IF you had the same model laptop then the worst that would happen if you use your homemade recovery discs is that the computer wouldn't work.
Much more likely is that the OS will detect the hardware changes and ask you to "reativate windows"
(re-enter your COA)
Even a minor hardware difference between then can cause you to have the wrong
driver installed for something... likely you will have to reinstall the drivers for the hardware
(this isn't as traumatic as it sounds)
HP's are generally easy to deal with because IF after restoration the computer will open a browser and go online HP's will "Autodetect" (on HP-Compaq support.com) for the correct drivers.)
If it won't go online it's easy to reinstall the chipset driver, the video driver and the network
(either wired or wireless) by downloading them to a thumb drive then installing them on
the computer being "Restored" THEN proceeding to "run the list:" of other drivers on the HP website.
If you did something similar... say... swapped your HDD to his notebook literally the worst that would happen is the OS would detect the differences and (once again) ask you to "reactivate" windows by entering your CoA number (Don't!)
Worst case? the OS doesn't "authenticate".... and you have to call either HP-Compaq for support OR Call MS to reactivate your OS.
Remember, you BOUGHT a copy of the operating system with your computer
and though MS might give you a little arguement about it they will eventually give in and
On a Dell the only reason it wouldn't reactivate would be if your CoA had already been repeatedly used
OR you were trying to restore to a different version... and then it would only matter on Windows7..
XP or Vista self authenticate when the OS drive is moved between multiple different model computers... yeah I've actually done this purely to see what would happened when I did it.... and frankly even taking the Windows 7 HDD from my notebook and plugging it into an older GX280 the computer would start and run... all the drivers were wwrong and it asked me to "reactivate" windows but even then it gave me 30days to do it....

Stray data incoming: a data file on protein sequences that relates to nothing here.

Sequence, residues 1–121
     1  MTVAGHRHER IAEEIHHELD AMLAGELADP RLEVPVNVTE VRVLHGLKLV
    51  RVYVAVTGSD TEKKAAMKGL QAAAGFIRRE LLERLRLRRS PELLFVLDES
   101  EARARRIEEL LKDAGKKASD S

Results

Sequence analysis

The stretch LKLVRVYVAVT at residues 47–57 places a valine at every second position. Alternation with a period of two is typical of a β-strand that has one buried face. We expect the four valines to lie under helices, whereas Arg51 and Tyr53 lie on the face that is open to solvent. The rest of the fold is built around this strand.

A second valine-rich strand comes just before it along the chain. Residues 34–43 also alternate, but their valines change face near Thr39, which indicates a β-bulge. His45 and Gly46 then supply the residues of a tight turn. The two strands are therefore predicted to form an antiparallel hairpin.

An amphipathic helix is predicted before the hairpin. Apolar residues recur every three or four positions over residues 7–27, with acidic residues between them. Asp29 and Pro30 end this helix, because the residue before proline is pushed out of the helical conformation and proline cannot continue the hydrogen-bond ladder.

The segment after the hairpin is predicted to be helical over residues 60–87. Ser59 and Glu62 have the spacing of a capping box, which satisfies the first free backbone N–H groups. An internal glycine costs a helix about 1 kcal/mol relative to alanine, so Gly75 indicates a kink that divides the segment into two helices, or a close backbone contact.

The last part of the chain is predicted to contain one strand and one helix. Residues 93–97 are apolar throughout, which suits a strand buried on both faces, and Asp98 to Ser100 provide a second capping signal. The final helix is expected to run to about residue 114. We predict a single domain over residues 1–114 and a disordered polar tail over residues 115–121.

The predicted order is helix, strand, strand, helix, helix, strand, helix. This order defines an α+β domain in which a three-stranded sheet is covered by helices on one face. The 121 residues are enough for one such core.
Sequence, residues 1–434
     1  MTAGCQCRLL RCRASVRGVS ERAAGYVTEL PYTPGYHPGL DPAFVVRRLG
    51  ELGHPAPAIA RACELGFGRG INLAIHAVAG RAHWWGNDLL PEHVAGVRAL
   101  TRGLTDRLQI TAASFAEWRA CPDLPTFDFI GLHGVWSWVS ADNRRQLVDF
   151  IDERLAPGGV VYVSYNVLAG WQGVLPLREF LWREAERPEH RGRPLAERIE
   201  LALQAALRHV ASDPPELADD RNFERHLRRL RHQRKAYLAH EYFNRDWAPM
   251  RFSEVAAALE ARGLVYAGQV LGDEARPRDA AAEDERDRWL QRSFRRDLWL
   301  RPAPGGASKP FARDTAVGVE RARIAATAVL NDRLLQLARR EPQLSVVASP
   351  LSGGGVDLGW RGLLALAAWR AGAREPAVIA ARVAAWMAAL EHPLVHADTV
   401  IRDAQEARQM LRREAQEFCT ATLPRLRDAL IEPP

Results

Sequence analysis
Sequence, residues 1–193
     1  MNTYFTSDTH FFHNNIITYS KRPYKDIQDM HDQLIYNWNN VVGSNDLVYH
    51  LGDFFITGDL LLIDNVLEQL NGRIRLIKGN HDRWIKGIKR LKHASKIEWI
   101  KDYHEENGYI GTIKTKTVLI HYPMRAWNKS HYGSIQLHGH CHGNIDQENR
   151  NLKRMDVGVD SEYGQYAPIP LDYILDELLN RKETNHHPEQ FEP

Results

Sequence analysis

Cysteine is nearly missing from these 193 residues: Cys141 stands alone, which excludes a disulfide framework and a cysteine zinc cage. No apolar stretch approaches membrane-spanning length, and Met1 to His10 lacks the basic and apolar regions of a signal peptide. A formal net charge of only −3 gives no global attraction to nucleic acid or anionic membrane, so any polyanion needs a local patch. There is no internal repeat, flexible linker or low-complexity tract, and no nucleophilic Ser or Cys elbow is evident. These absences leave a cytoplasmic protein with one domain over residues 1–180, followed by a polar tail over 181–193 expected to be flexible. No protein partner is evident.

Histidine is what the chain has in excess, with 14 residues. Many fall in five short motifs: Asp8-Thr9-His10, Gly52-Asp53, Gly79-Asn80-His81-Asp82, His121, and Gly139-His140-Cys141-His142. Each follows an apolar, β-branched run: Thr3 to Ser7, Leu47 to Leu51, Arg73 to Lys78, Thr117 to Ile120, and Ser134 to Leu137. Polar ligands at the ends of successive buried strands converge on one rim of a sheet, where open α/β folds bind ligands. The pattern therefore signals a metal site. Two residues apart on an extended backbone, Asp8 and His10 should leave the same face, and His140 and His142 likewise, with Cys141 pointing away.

HP-Compaq and Dell are the easiest to perform recovery on.
"break" something? not likely.
I'd be more worried about WHY it became corrupt and generally that suggests a hardware problem...
And frankly more likely than not that means the HDD... more specifically the :"low bidder" (usually
Hitachi on an HP) HDD....
So BEFORE you restore if that notebook is more than a year or so old I'd strongly advise making an investment in a new hard drive for it.
Personally I recommend Western Digital, but Seagate drives are good too
(I've generally had less arguement from WD when one fails under warantee)
Presuming his notebook is new enough to use a SATA Hard drive rather than an IDE (more expensive older style) Typically expect to spend $50-$60 for a mail order 320gb drive.
I recently replaced the 160gb drive in my 18month old Dell 1525 notebook with a 320gb drive for all of $45 shipped. I wanted to preserve the original OS install and the best way to do that
was to keep the old HDD.
Frankly a situation like this is only a "big deal" because you don't already know how to deal with it.